Adequate housing was recognized as part of the right to an adequate standard of living in the 1948 Universal Declaration of Human Rights and in the 1966 International Covenant on Economic, Social and Cultural Rights. Adequate housing may include characteristics related to, but not limited to, security of tenure, affordability, habitability, accessibility, location, cultural adequacy, and availability of services, materials, facilities and infrastructure.6 Global challenges, such as urbanization, migration, climate change, as well as the 2008 global financial crisis, have had a critical impact upon the capacity of the housing sector to deliver adequate housing for all.

The case studies presented in this publication were selected based on interviews with experts, literature reviews and contributions by governments of the member States of the United Nations Economic Commission for Europe (UNECE). In selecting the case studies, authors attempted to ensure that the case studies present diverse housing solutions covering the whole housing continuum7 , going beyond emergency shelters. These case studies therefore demonstrate a wide range of good practices for providing affordable and adequate housing for migrants and refugees, which include, but are not limited to, the following:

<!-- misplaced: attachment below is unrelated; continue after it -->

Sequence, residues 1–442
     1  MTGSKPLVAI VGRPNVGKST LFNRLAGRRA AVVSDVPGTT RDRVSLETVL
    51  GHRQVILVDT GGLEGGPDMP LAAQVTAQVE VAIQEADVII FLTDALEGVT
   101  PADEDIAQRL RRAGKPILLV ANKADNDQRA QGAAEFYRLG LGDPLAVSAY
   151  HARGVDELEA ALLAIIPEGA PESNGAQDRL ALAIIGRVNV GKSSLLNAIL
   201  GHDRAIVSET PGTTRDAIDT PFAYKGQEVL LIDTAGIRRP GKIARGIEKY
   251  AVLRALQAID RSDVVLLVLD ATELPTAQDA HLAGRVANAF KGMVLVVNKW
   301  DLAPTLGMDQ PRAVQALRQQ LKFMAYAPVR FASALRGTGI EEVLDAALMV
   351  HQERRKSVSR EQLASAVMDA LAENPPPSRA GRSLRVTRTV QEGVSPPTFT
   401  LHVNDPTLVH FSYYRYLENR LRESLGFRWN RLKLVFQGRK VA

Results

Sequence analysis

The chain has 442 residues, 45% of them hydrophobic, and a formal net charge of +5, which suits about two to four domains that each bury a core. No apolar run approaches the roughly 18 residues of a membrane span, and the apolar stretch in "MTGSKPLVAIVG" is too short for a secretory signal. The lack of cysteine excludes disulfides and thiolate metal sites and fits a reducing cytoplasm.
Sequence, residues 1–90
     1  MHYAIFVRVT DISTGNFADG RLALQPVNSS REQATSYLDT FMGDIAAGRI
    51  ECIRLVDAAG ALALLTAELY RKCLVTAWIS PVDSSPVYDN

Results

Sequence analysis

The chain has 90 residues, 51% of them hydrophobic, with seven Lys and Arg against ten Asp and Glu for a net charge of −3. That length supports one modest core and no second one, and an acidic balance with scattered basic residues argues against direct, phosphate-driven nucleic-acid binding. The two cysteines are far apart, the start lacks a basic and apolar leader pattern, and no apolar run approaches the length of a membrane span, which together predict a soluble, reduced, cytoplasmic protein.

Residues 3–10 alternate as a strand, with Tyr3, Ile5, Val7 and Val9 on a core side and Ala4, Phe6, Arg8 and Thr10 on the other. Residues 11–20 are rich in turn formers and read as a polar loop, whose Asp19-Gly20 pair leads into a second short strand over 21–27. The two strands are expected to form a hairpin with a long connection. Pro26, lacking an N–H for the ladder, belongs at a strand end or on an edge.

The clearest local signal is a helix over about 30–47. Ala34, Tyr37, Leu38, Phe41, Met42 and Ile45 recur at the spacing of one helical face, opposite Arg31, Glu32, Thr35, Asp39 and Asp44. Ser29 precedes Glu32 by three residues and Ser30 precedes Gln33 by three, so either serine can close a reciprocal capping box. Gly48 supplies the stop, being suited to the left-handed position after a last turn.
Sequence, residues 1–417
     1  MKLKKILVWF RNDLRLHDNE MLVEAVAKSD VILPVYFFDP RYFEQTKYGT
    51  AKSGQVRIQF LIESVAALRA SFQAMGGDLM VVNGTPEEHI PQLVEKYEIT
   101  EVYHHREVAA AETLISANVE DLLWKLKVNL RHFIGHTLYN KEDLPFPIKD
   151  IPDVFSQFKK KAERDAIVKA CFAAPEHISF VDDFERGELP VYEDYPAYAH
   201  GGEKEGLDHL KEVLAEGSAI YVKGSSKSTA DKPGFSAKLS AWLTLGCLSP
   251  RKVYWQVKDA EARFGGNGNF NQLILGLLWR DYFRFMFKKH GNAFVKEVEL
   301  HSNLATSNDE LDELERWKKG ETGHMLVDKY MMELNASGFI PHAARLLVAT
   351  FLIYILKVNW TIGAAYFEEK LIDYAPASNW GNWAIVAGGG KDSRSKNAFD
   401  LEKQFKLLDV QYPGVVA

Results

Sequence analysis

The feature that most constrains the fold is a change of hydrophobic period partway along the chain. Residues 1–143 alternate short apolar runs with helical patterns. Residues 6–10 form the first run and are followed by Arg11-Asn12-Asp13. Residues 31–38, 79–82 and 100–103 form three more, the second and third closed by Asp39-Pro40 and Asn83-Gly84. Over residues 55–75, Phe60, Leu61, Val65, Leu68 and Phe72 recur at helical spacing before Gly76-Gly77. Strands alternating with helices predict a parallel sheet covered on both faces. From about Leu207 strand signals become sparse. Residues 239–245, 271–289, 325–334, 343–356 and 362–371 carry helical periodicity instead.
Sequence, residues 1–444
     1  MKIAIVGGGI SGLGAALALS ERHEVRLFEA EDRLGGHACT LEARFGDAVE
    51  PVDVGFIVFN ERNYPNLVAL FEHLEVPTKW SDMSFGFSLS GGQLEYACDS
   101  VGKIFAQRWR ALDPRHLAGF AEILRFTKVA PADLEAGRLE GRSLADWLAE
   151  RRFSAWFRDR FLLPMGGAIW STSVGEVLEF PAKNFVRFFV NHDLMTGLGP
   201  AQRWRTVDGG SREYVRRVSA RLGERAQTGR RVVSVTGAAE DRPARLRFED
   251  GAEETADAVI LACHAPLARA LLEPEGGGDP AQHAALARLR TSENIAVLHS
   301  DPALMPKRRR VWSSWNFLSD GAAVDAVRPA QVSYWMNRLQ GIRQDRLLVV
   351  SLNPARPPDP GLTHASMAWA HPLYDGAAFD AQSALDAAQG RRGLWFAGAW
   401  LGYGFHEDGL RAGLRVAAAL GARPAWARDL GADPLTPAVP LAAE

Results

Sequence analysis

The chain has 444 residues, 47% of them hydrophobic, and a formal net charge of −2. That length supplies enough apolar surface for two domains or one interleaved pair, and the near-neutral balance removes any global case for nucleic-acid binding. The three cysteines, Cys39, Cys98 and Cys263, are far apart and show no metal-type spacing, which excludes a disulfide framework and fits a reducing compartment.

• Revitalizing depopulated decaying urban neighbourhoods by renovating vacant houses and using them as housing for migrants and refugees (see case studies 1 and 2)

  • Addressing the depopulation of rural areas through providing housing for migrants and refugees in rural communities (see case studies 3-6)

  • Promoting diverse and sustainable communities through facilitating interaction between local communities and migrants and refugees, including through developing shared public spaces and activities to support integration of the migrants and refugees (see case studies 7-9)

  • Developing long-term, sustainable and cost-efficient housing solutions through housing construction and maintenance (see case studies 10-16)